It’s normally your mind, not your training, which causes you to fail. You can be training well, but your perception of how you’re doing is skewed.
As a result, you quit again. One of the main things I teach my clients is: Mindset.
I help them understand what long-term compliance actually looks like.
I teach them about self-compassion and managing their expectations which allows them to build a long-term training practice: The Bulletproof Mindset.
Incorporate a Bulletproof Mindset into your daily routine for lasting personal growth
If you find you keep ruining your own progress, these points will help you.
- Growth and fixed mindset
- The 20-hour rule
- Don’t miss twice
- Just step on the mat
- The rule of five
- Embrace the suck
Your body can stand almost anything. It’s your mind that you have to convince.
– Andrew Murphy
Growth and fixed mindset
The first place I start with clients is to teach them about having a growth mindset. This teaching comes from Dr. Carol Dweck’s book “Mindset”. In her book, she categorizes people as having either a growth mindset or a fixed mindset.
If you’re engaged in Bulletproof Mindset, you understand the importance of cultivating a growth mindset. With a Proper Mindset Training, you’ll develop the belief that improvement in any activity is attainable through consistent practice and dedication, making you more likely to commit to training, knowing it’s the path to a better outcome.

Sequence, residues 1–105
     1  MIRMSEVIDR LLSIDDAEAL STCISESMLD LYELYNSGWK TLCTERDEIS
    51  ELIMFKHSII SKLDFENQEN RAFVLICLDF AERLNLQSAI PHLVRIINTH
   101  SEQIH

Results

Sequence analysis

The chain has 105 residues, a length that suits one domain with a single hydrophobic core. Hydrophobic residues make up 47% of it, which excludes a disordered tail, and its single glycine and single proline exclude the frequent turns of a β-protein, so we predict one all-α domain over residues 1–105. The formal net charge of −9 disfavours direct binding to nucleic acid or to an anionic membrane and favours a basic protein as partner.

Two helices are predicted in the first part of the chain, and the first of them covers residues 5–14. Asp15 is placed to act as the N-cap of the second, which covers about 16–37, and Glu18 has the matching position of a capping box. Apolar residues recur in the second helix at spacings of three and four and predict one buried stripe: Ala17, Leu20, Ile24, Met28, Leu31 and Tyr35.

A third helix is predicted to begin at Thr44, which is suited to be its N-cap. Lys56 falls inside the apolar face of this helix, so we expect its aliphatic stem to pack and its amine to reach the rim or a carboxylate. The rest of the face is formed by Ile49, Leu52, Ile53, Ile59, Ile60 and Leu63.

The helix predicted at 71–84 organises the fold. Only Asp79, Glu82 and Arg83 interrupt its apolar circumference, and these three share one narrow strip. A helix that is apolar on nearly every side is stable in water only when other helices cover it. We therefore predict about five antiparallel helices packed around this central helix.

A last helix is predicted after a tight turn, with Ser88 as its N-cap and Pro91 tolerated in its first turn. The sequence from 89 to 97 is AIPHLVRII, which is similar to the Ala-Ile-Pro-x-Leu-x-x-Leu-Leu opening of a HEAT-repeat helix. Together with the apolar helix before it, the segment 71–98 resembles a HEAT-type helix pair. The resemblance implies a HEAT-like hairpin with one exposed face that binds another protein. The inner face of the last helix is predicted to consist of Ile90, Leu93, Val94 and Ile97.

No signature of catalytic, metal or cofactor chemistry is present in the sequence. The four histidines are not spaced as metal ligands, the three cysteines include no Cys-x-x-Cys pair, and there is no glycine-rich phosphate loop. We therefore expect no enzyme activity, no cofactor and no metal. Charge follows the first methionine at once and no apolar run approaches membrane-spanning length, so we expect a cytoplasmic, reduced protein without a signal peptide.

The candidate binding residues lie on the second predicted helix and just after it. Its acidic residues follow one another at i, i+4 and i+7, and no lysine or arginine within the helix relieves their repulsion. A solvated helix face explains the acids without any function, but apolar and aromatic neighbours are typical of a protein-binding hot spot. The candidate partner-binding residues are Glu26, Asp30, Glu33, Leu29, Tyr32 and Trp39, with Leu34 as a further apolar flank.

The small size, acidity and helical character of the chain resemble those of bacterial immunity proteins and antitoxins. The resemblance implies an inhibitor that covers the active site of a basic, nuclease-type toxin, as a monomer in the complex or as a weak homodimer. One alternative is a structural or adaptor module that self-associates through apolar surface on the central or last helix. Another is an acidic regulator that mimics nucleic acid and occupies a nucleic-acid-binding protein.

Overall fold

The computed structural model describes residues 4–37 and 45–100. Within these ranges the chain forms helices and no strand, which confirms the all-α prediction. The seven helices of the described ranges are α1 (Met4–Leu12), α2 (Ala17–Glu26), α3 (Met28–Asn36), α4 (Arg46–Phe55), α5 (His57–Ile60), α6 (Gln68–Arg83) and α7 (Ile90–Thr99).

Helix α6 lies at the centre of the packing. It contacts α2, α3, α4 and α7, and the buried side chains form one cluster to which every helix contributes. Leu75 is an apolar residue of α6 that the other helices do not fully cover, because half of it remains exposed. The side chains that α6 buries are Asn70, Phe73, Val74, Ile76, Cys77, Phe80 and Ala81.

I teach my clients to become more “Growth mindset” orientated. They’ll realise that every practice session leads them to improve in the long term.
The second thing I teach my clients is the “20-hour rule”. This idea comes from Josh Kaufman.
He explains that it takes about 20 hours to become proficient at any activity. There’s another philosophy that it takes 10,000 hours to become an expert. Josh Kaufman argues that it only takes about 20 hours to reach a level of competence. I like to use the example of meditation.
Many individuals understand the benefits of meditation, but they struggle to establish a consistent practice. By examining it from the perspective of “Bulletproof Mindset” and the 20-hour rule, they’d recognize that they aren’t achieving the required volume.
When I first started meditating, I was only practicing for 5-10 minutes several times a week. After a few months, I felt like I was getting nowhere. The fact is, I wasn’t practicing for long enough.
Let’s calculate it: 5-10 minutes x 3-4 times a week = approximately 30 minutes a week. That’s only 2 hours a month!
I’d need to stick at it for 10 months to hit 20 hours!